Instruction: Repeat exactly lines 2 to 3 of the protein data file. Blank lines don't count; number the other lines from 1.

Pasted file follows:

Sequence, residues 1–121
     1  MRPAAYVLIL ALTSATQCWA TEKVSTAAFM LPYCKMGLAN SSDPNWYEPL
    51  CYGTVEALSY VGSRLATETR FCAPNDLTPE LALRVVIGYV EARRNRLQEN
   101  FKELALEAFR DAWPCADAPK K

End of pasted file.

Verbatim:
     1  MRPAAYVLIL ALTSATQCWA TEKVSTAAFM LPYCKMGLAN SSDPNWYEPL
    51  CYGTVEALSY VGSRLATETR FCAPNDLTPE LALRVVIGYV EARRNRLQEN